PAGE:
Registed Nurses' Association of Ontario

BPG Impact

SEARCH INTERNATIONAL AFFAIRS & BPGs

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Jul 2018
The "Bill George" is a 20-bed long-term care (LTC) home located in Sioux Lookout, which is one of the most northern LTC home in Ontario. Many residents are of indigenous background and are non-English speaking. The home's goal is to respect and recognize cultural and language diversity through the integration of traditional and modern medical practices. In 2016, the Bill George began a three-year partnership with RNAO as a LTC Best Practice Spotlight Organization® (LTC-BPSO®) pre-designate and committed to implement five best practice guidelines (BPG) across the entire home focusing on falls, continence, oral health, pressure injuries and pain.
Jul 2018
In Canada, approximately half of the population is living with at least one chronic condition and more than one in four is diagnosed with two or more chronic conditions.1 The costs associated with lost productivity and health care expenditures is more than CAD $90 billion. Due to inflation that cost has risen to over $97.8 billion (in 2018). Self-management supports and strategies are vital to the health and well-being for persons living with chronic condition(s).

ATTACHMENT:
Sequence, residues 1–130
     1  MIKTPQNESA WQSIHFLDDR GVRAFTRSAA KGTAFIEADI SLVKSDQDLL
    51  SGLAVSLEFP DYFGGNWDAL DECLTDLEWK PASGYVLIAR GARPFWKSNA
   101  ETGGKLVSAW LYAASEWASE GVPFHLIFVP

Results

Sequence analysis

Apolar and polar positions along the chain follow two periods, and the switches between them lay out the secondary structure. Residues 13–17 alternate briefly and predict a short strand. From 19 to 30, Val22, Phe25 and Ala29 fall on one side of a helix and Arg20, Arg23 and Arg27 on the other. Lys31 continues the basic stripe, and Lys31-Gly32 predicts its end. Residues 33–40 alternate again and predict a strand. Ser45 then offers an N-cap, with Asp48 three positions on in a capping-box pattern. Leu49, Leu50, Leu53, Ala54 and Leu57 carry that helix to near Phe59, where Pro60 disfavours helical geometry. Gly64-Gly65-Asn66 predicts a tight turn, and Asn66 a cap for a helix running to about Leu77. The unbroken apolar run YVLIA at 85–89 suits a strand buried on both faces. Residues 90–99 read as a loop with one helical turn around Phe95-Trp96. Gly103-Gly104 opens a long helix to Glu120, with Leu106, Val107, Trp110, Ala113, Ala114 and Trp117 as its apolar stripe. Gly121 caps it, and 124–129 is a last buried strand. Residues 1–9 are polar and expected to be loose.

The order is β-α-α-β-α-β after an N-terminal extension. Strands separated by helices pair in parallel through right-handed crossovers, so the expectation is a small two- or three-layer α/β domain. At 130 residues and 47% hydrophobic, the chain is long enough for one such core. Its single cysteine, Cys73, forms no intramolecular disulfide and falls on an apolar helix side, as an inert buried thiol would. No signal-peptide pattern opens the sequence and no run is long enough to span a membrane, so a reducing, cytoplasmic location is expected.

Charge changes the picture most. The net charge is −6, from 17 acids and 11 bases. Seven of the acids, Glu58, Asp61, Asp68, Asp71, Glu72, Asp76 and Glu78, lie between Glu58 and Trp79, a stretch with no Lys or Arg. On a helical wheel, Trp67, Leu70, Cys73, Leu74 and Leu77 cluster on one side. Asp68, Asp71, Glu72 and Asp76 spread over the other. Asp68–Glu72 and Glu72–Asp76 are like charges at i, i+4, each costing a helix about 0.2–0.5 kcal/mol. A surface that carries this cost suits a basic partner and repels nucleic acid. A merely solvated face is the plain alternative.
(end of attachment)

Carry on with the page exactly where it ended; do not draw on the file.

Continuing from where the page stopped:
Jul 2018
The purpose of this guideline is to provide evidence-based recommendations for nurses and other members of the interprofessional team who are assessing and managing people with the presence, or risk of, any type of pain.
Jul 2018
The annual direct health-care costs are estimated to be CAD $2 billion due to falls, with older adults accounting for nearly half of these costs. In 2012, the average cost for a serious injurious fall was estimated to be CAD $31,000  when compared to a patient with no falls treated for similar diagnosis. This reflected direct and indirect in-patient costs of 34 days in the hospital with nursing care and excluded physician billing.
Jul 2018
As a known risk factor for cancer, stroke,  heart and lung diseases in Canada, the health and economic costs associated with tobacco use are estimated to be $17 billion annually, including $4.4 billion in direct health-care costs1. In 2015, approximately 3.9 million Canadians, fifteen years of age and older were smokers, and the majority were considering quitting and have made quit attempts2. In Ontario alone, about 13,000 people die annually from diseases caused by smoking.